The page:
Author: Nick Sundvall
On 23 May, we observed a malspam campaign distributing a ZIP file containing Remcos, a remote access trojan (RAT) designed to remotely control a victim’s computer. The campaign’s email subjects attempted to gain the victim’s trust by impersonating a legitimate United Arab Emirates company called Al Salehi Machinery & Equipment Repairing.
We have previously reported on various Remcos campaigns, including one distributing the malware via malicious RTF files in 2019 and another via malicious XLS files in 2020.,
A German company called Breaking Security has been offering Remcos for sale online since 2016. There is currently a free version available with limited features, as well as a paid version starting at 58 Euros. While it is marketed as a legitimate remote administration tool, it is frequently abused by threat actors and used for malicious purposes.
Breaking Security actively maintains and updates Remcos. Its capabilities include remotely controlling infected computers, logging keystrokes, taking screenshots and more.
The threat actor behind this campaign used the email subject RE: Stanadyne Enquiry, imitating a conversation between Al Salehi Machinery & Equipment Repairing and Stanadyne, a fuel pump manufacturer. The emails included links to a legitimate website for Al Salehi, as well as their Facebook and LinkedIn pages. The sender’s address, purchase@alsalehi[.]ae, also adds legitimacy to the emails.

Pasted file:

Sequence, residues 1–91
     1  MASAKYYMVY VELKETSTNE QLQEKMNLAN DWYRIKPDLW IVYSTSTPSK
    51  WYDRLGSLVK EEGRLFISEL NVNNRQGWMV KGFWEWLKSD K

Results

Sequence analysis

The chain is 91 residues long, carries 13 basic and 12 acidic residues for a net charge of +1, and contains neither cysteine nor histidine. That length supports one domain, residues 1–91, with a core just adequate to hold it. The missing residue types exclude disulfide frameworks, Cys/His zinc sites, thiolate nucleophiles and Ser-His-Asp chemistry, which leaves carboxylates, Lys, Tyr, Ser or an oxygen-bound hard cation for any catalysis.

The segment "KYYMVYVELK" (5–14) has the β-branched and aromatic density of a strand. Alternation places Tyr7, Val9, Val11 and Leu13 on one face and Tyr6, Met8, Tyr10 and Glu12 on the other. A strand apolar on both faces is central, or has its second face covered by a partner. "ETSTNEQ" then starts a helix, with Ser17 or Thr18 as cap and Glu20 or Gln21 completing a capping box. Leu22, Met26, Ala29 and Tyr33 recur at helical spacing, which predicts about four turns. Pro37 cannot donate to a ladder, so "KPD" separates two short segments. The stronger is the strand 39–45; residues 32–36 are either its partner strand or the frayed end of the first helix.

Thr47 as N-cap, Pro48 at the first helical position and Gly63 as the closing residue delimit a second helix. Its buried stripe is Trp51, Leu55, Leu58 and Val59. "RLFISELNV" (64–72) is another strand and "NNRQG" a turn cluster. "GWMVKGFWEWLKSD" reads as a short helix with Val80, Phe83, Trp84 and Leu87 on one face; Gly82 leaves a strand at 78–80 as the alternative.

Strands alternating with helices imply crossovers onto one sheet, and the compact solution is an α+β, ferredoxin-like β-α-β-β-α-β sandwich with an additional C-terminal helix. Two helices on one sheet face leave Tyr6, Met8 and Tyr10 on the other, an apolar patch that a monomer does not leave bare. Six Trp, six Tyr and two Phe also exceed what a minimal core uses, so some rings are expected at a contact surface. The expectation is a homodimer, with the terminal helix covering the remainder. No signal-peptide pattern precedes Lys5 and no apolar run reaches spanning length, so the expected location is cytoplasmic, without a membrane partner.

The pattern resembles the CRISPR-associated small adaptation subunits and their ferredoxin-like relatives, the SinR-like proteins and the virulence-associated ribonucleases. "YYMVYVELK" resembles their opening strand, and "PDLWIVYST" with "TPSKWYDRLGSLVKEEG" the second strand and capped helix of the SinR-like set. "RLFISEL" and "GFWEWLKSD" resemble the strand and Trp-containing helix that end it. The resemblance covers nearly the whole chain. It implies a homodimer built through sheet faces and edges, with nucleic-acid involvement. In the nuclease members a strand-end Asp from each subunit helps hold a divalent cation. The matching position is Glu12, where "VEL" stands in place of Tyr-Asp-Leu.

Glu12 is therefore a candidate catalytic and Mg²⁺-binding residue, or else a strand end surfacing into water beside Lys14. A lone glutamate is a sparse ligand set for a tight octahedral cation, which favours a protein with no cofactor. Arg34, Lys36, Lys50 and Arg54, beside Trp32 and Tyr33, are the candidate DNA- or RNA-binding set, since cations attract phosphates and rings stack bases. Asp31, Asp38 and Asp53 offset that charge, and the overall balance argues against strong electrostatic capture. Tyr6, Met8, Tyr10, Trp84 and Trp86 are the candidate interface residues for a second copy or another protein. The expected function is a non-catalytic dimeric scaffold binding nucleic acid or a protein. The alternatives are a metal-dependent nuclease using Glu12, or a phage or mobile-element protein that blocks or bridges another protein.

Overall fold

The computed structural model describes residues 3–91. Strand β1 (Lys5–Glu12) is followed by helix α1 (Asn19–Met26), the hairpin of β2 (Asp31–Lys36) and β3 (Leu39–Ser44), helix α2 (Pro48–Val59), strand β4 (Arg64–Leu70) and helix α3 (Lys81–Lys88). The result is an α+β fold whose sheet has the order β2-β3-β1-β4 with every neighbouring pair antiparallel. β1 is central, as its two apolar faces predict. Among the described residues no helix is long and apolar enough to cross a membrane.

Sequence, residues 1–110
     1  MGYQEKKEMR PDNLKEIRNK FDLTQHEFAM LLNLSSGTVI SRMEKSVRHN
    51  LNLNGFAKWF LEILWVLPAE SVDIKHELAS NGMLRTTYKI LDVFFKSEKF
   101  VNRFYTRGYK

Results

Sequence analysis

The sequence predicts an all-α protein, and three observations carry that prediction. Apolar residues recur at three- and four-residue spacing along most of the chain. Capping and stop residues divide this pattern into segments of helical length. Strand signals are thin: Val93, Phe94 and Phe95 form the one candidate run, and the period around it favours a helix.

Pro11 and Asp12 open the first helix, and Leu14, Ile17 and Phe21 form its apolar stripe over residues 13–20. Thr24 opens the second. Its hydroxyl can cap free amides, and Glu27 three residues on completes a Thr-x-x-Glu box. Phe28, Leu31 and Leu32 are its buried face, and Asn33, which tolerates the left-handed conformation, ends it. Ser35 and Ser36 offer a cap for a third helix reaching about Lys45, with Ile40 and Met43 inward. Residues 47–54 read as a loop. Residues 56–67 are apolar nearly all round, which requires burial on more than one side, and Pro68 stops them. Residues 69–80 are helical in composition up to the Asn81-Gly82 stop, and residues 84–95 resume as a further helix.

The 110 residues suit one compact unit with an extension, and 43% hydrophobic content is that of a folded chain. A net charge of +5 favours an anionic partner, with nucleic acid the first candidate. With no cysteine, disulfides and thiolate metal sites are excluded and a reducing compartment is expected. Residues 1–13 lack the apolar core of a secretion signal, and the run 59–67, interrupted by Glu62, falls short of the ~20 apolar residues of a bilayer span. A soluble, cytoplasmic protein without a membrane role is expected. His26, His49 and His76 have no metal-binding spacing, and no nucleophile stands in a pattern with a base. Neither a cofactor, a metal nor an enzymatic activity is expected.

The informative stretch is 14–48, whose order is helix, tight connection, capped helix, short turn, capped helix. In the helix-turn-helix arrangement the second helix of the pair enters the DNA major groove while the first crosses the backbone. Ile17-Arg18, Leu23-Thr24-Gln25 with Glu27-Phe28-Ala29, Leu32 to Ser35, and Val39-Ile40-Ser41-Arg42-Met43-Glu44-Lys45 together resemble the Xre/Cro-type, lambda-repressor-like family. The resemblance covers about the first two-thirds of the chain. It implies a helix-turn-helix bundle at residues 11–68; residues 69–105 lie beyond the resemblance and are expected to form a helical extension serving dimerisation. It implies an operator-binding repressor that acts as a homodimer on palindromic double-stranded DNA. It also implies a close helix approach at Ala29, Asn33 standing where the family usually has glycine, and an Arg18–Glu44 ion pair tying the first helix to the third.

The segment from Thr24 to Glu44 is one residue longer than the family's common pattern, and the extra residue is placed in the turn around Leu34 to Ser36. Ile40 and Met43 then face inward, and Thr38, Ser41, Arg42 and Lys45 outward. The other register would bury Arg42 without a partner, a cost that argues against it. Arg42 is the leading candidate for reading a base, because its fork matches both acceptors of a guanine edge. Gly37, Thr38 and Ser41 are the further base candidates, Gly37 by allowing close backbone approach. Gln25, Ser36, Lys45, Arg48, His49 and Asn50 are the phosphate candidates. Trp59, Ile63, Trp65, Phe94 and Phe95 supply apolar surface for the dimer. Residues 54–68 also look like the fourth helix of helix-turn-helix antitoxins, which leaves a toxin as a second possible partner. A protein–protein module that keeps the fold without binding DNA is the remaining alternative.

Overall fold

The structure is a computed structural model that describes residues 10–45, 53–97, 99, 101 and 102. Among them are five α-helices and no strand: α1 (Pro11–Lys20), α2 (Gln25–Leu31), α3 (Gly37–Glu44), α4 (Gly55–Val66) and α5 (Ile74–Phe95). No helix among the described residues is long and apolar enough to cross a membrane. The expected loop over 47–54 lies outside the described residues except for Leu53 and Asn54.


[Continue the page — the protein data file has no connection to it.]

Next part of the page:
Attached to the emails is a ZIP file named Al Salehi Machinery & Equipment Repairing Enquiry.zip, containing the malicious Remcos executable Al Salehi Machinery & Equipment Repairing Enquiry.exe.
Upon opening the attached ZIP file, the victim is able to extract the malicious EXE – Al Salehi Machinery & Equipment Repairing Enquiry.exe – from the archive. Running the EXE initiates the Remcos RAT.
From here, Remcos reaches out to Google and Bing before finally contacting its command and control (C&C) server. The threat actor then gains remote control of the computer and is able to run additional commands and send new payloads.
Vulnerabilities & Mitigation
Malspam email campaigns are a common distribution method for phishing scams. Infoblox therefore recommends the following precautions to avoid phishing attacks:
- Scan downloaded files with antivirus software.
- Verify important or potentially legitimate attachments with the sender via alternative means (e.g. by phone or in person) before opening them.
- Be aware of any attachment’s file type, and never open files that could be a script (.vbs, .cmd, .bat), an internet shortcut file, or compression file. Using the latter is a known method for evading detection methods based on file hashes and signatures. Threat actors use them to mask the real malicious file due to email service restrictions on attachment file types.
- Always be suspicious of vague or empty emails, especially if there is a prompt to open an attachment or click on a link.
- Do not open attachments that are unexpected or from unfamiliar senders.